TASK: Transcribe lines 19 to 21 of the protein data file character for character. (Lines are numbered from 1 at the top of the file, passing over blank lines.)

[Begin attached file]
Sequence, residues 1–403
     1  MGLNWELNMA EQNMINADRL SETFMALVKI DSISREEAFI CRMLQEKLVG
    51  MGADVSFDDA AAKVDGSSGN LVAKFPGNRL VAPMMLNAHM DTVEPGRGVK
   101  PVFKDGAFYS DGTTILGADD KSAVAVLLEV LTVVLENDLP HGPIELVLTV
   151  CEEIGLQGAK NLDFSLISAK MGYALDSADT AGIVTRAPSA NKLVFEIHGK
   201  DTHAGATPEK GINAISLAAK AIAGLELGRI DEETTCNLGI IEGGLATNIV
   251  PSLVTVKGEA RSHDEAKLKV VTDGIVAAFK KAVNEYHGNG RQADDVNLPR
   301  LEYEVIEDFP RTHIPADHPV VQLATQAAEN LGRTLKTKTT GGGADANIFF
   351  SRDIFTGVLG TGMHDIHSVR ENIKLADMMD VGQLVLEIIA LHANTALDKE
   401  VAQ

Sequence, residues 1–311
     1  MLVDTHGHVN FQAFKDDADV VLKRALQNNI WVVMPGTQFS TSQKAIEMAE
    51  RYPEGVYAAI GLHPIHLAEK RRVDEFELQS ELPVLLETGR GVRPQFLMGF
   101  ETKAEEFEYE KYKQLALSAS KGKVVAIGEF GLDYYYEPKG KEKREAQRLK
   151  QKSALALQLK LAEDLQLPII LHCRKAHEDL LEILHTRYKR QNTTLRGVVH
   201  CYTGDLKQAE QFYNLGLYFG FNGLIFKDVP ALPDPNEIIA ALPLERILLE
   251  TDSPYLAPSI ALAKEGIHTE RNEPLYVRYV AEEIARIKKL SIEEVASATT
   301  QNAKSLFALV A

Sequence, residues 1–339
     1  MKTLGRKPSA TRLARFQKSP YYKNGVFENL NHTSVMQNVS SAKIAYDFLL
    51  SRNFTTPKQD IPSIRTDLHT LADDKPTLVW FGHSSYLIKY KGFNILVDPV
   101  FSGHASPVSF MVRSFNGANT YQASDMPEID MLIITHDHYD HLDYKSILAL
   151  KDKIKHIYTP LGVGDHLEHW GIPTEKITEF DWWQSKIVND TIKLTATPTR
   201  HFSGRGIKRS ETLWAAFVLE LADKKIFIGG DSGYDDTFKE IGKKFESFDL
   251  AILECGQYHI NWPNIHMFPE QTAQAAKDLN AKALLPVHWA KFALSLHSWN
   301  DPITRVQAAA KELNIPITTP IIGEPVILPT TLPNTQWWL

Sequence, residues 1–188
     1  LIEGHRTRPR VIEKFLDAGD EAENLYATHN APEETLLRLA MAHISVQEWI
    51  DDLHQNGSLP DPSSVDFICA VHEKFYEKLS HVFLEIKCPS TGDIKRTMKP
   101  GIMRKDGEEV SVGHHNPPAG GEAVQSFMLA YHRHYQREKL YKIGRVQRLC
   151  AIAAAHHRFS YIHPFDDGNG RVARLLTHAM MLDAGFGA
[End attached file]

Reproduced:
Sequence, residues 1–339
     1  MKTLGRKPSA TRLARFQKSP YYKNGVFENL NHTSVMQNVS SAKIAYDFLL
    51  SRNFTTPKQD IPSIRTDLHT LADDKPTLVW FGHSSYLIKY KGFNILVDPV